In the interest of not revealing spoilers to those who don't want to read them, I'm doing things a little differently with this post. I'll do the overview, then share my thoughts, and only after that share my experience with Risk Legacy.
Risk Legacy is an enhanced version of Risk, the main new concept being that the game and game components will change permanently as games are played, some being modified by the players, like marking the board and adding new elements to it, some being revealed bit by bit as certain conditions are met and players are instructed to open some sealed envelopes. Risk is a mass market game, so I won't describe the basics. Risk Legacy uses the basic earth map. Its winning condition is based on victory points, i.e. controlling headquarters, completing missions and trading in resource cards. There are different factions in the game each starting with different special abilities, and additional special abilities can be introduced as the game is played. The game is expected to stabilise after 15 games, i.e. no further modifications to rules and game components.
The concept of letting players modify the game permanently is a novelty, a gimmick, but it is fun. Aspects of the game being gradually revealed is fun. There are new rules, changes to rules, and new gameplay elements. Cities will get added, territory properties will be modified (e.g. becoming harder, or easier to defend), faction abilities will change, continents will be named. There is a story line developing through the series of 15 games being played, which is aligned with the rules changes. However you need to keep in mind that this is still Risk, just with some improvements. It is still about breaking one another's control of continents over and over, accumulating many resource cards to exchange for troops to make big attacks, and dice luck being able to spoil the best laid plans. But it is also about waiting for the right moment to strike - after you have enough resource cards to swap for many armies and before your opponent strikes a fatal blow. It is also about trying to appear weaker than you are, and persuading others to fight. For players who are familiar with the game, there is careful manoeuvring and positioning before launching a major attack. It can be tense.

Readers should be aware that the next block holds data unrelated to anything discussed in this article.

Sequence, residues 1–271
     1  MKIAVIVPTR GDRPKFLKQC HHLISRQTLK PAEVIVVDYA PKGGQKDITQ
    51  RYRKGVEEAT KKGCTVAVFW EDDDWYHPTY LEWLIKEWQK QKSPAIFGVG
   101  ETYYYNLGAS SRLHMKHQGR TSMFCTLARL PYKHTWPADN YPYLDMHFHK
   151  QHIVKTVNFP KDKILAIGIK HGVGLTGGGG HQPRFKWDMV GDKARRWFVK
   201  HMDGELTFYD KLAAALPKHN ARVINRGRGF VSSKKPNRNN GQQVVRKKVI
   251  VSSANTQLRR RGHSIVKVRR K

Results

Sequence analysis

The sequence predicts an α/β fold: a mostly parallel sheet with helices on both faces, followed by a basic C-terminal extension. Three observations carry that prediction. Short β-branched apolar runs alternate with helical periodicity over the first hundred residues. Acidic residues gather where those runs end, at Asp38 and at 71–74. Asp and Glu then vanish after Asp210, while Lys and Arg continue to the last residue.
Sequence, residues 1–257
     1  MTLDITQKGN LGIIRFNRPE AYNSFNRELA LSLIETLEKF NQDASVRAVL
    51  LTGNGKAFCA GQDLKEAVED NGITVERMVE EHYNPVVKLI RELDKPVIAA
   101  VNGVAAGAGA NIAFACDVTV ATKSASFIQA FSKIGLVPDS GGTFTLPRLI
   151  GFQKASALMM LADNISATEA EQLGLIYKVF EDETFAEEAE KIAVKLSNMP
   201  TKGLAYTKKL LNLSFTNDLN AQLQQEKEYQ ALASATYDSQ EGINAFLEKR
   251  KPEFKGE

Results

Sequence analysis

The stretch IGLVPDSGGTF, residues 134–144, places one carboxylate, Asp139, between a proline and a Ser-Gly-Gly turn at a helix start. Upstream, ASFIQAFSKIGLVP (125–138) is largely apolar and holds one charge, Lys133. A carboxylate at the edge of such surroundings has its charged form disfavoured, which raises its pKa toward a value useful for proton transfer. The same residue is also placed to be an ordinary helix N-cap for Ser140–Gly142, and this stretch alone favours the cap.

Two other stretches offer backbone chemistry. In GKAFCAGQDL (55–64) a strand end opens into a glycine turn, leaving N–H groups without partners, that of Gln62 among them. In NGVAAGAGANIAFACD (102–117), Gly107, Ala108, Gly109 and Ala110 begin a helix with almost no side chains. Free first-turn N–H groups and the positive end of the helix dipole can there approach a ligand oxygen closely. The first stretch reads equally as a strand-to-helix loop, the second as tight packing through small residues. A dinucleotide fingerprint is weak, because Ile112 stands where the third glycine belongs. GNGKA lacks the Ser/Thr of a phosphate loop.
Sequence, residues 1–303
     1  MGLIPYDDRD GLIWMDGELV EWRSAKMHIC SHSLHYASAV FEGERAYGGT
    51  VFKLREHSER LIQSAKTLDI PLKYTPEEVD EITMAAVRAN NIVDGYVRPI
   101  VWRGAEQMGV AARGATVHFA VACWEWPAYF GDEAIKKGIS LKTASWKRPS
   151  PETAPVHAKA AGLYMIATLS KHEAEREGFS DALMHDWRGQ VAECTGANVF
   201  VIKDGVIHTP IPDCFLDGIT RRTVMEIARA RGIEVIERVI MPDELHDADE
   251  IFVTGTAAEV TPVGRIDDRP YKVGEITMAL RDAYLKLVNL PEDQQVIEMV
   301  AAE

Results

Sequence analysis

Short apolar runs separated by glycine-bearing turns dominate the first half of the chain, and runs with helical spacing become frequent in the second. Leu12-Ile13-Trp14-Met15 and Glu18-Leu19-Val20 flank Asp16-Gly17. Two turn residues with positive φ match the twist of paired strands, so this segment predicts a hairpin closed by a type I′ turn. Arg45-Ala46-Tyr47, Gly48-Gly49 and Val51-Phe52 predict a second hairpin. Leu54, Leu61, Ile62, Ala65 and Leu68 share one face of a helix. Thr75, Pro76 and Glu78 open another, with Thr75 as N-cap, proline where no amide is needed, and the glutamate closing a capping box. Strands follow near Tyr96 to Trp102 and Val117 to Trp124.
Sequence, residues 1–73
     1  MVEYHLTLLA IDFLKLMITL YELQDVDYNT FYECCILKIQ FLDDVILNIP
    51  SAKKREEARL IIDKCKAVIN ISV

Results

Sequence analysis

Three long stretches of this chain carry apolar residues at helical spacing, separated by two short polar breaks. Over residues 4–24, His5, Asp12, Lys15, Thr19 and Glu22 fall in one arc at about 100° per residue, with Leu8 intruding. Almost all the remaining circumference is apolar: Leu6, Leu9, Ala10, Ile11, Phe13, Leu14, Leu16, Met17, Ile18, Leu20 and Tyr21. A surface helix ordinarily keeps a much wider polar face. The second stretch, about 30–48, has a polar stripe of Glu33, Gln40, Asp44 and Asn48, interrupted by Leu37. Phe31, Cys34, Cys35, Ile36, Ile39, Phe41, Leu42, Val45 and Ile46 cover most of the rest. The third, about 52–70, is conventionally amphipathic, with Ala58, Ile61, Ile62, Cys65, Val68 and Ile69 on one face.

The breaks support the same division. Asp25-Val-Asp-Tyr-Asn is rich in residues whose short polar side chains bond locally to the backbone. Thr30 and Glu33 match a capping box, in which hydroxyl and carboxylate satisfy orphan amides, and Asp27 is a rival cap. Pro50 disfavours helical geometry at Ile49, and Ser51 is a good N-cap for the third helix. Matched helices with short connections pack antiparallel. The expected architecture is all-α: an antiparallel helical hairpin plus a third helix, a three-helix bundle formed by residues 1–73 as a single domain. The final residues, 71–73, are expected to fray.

One concern I have with the game is it seems to encourage players to start from the same locations, which might make each game feel similar. At the end of a game, you get to add some good stuff to the map. Very good stuff if you win, moderately good stuff if you lose but are not eliminated. Once you add a city, in future games, only you may place your HQ in this city. So there is incentive to start here, and in subsequent games you are somewhat encouraged to add more good stuff in that general area, which compounds the problem. I'm not sure whether this is commonly experienced. It happened in the campaign I played, and I intentionally did weird stuff, even some not beneficial to "my" starting area, hoping to mix things up a bit and prevent the games from becoming scripted or static.
Risk Legacy has been a fun journey of discovery so far. There were some stale moments, e.g. some games got into long stalemates with nobody being able to control any continent, but those tend to be earlier in the campaign when the game was still quite bare. As more elements were added, this happened less. Our games were all 3-player games, and they reminded me of Romance of the Three Kingdoms, where the three kingdoms maintained a delicate balance of power, always keeping one another in check. There was much cajoling, pleading and convincing others to fight. We were all sneaky. Sometimes A intentionally refrained from attacking C to conserve his armies, forcing B to do it on his turn which is just before C's turn, because otherwise C would receive a big continent bonus. Alliances formed quickly, when the third person threatened to win, and also dissolved quickly, when one ally found a convenient time and location to launch an attack. All in a day's work.
Risk Legacy is suitable for casual gamers, because it is not that different from regular Risk. For gamers, it is still fun as long as you set your expectations that it is not really that different from regular Risk.
I realise I have already described what it feels like when playing the game, so this will be just the spoiler section with more photos.